It seems that everyone wants to sail away to a tropical island paradise, so before you book your cruise, check our report on when and where to go. Words: David McGonigal.
While the rest of the world was buried under volcanic ash or GFC gloom, the happy isles of Oceania (to paraphrase Paul Theroux) were putting on a growth spurt. Or so it seems from the number of cruise ships aiming to base themselves here – and from the healthy figures reported by the International Cruise Council Australasia (ICCA) recently.
In 2009, more Australians cruised than ever before – 366,721 of us, in fact. That’s an 11 per cent increase over the previous year and the fifth consecutive year of double-digit growth.
The South Pacific attracted 38 per cent of those, followed by Australia (18 per cent, and up by more than 50 per cent from the previous year) and New Zealand (10 per cent and up a remarkable 75 per cent). No wonder our harbours and docks are looking crowded these days.
The attractions of the South Pacific are obvious for anyone who has been there. It’s not just the laidback lifestyle but also warm blue oceans fringed by white-sand beaches, all leading you to the wonderful, colourful coral reefs that now draw tourists but were once the bane of mariners.
Cruising is the perfect way to see this part of the world. You can board the vessel in Australia and have a few sea days to relax before docking in the first port of call. Or, if you wish to maximise every moment you spend in the South Pacific region, fly to a destination such as Fiji, Tahiti or Hawaii and board a ship there – see ‘Resident Ships,’ over the page. If you want a lot of time to relax on the ship, there’s also the option of crossing the Pacific from North America to Australia or vice versa.
The South Pacific (otherwise known as Oceania) is made up of Australia, New Zealand and Norfolk Island; Melanesia (including Fiji, New Caledonia, Papua New Guinea, the Solomon Islands and Vanuatu); the tiny islands of Micronesia; and Polynesia (most significantly French Polynesia, Tonga, Samoa and the Cook Islands). Many voyages out of Australia visit only the nearby ports of New Caledonia and Vanuatu, New Zealand or PNG.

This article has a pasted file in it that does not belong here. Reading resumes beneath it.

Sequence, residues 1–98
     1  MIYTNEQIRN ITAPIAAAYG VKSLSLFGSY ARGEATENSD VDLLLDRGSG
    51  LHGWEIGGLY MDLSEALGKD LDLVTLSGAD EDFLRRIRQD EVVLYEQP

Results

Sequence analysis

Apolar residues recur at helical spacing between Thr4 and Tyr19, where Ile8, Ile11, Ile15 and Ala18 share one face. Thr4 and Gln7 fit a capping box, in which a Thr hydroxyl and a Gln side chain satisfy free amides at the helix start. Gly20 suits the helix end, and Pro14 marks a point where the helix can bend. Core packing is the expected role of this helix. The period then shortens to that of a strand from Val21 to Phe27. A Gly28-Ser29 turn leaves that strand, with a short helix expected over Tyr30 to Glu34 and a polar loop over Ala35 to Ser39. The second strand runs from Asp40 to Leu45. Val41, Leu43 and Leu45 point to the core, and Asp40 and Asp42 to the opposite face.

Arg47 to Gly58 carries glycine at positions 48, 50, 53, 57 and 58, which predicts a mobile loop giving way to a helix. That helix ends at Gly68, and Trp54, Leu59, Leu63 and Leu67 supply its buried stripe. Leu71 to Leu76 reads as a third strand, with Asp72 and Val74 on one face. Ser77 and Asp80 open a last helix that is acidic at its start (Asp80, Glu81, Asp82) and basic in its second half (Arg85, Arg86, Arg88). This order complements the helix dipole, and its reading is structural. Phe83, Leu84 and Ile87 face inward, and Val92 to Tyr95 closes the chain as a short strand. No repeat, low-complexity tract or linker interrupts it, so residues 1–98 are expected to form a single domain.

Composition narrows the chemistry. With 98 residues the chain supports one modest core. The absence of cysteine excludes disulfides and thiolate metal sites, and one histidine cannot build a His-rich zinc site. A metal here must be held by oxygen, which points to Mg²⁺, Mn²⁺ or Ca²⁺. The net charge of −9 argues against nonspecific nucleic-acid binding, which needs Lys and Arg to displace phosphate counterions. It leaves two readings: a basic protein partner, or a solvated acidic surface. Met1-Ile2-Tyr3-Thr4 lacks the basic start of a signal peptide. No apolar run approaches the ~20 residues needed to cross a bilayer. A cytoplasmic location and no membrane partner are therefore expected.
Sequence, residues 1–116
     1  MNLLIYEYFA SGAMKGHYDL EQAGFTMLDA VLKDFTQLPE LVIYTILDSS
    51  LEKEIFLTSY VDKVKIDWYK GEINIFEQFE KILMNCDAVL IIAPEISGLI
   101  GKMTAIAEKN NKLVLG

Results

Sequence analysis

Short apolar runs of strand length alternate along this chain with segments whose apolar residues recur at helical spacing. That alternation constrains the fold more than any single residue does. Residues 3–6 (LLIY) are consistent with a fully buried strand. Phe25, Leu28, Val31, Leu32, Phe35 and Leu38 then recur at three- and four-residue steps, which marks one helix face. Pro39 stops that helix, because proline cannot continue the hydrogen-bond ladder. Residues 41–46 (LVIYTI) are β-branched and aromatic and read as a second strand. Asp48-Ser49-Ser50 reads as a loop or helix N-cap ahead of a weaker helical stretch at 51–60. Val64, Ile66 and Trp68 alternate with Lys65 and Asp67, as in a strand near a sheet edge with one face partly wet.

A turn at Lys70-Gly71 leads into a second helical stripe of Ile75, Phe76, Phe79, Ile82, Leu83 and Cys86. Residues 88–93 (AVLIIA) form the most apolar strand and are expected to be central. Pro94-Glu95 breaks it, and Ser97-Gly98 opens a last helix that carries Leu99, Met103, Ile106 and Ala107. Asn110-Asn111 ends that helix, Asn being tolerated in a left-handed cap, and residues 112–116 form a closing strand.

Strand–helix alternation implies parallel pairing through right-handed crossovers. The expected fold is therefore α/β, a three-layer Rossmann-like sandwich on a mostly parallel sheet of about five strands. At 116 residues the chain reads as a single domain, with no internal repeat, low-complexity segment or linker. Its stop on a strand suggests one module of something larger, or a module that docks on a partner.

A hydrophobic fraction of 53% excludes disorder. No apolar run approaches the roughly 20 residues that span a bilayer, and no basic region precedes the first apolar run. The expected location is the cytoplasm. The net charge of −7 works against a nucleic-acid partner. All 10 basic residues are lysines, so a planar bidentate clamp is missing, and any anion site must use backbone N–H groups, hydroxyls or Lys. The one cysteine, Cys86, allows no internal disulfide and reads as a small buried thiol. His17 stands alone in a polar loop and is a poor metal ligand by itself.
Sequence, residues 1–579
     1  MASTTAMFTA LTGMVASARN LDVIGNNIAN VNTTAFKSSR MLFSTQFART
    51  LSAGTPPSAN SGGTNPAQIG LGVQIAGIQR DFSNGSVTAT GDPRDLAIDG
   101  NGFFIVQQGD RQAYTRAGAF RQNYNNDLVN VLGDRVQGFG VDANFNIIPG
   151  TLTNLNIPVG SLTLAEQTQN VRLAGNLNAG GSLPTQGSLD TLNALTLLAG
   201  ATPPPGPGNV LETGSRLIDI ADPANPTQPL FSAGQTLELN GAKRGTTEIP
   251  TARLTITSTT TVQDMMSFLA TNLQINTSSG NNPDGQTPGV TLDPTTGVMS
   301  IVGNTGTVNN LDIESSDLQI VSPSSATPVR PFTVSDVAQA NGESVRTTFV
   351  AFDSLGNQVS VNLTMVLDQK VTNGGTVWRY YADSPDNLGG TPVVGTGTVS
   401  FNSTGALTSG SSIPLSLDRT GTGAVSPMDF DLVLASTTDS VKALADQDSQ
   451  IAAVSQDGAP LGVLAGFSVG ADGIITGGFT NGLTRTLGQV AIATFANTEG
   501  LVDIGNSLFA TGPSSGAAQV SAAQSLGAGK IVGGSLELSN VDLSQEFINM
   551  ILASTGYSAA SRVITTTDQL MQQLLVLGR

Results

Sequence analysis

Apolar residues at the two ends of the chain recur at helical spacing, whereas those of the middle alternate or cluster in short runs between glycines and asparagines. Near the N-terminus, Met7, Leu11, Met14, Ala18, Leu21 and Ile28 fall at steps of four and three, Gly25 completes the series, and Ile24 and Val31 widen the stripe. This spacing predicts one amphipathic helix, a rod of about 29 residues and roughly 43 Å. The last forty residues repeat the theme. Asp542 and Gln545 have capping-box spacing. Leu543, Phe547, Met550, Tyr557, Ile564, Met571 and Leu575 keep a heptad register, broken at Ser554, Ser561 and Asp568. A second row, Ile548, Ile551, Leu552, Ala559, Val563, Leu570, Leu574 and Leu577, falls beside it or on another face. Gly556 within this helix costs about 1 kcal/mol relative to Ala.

An area of Pacific cruising that has been growing rapidly and has escaped the attention of many has been New Zealand. It’s a natural cruising destination with a very varied coastline from the high cliffs and plunging waterfalls of Fiordland National Park to the serene and warm waters of the Bay of Islands. We may share a common culture with New Zealand but it has a very different landscape.
The Pacific is a year-round destination so the peak cruising season is more tied to school holidays in Australia and New Zealand than it is to climatic variation. There may be more options these days but there’s more demand, too, so you may find a voyage in high season but may need to pay more and book earlier.
There is something very special about sailing out of an Australian port bound for foreign climes. It has a touch of Joseph Conrad and adventure about it. But if you wish to maximise your time in the destination, it may be better to fly to join a ship that ‘lives’ there. The options are virtually unlimited but here are a few possibilities.
In Fiji, Captain Cook Cruises offers three- and four-night cruises around the southern and northern Yasawa Islands respectively aboard MV Reef Endeavour – or the two combined into a one-week voyage. Reef Endeavour carries 150 passengers in 75 cabins. The dining saloon and array of bars and lounges belie the vessel’s size; it carries three snorkelling and dive vessels as well as a glass-bottomed boat. The Yasawas are some of the most pristine parts of Fiji, and moving around them on a ship is the ultimate in relaxation.
The beauty of the islands of French Polynesia lures many to Tahiti. Princess Cruises’ Royal Princess offers a trio of voyages from Hawaii to Papeete in September and November but between October and March, she is based largely in Papeete, sailing around the islands in a series of 10-day voyages. Royal Princess is a new vessel that accommodates 710 passengers and has more than 250 balcony staterooms.
The long-term resident of French Polynesia is Paul Gauguin. Until recently, the ship was part of Regent Seven Seas Cruises but she is now operating independently – to the same high standards. The ship has a lot to offer on her array of voyages. She is larger than her passenger capacity of 332 suggests, so there’s a lot of space, and the interior decoration is refined without being stuffy. Some 70 per cent of the cabins have private balconies and many come with butlers to deliver canapés and drinks when you return from the day’s excursions. The ship has several restaurants, at which the food is modern and of a very high standard. The stern of the vessel folds out to become a watersports marina: this is where masks, snorkels and fins are issued for a week of aquatic-centred relaxation. Most drinks are included in the cruise cost, as are tips and watersports.
Quite a few vessels alternate between cruising the Kimberley and Papua New Guinea. A range of cruising options for Papua New Guinea encompasses everything from large cruise ships to small live-aboard dive boats. Trans Niugini Tours, a constant in PNG travel, operates MV Sepik Spirit, a remarkable-looking craft that can accommodate up to 18 passengers in nine cabins, each with ensuite bathroom. Passenger comfort is assured with air conditioning throughout, a covered observation deck atop plus a lounge, bar and dining room.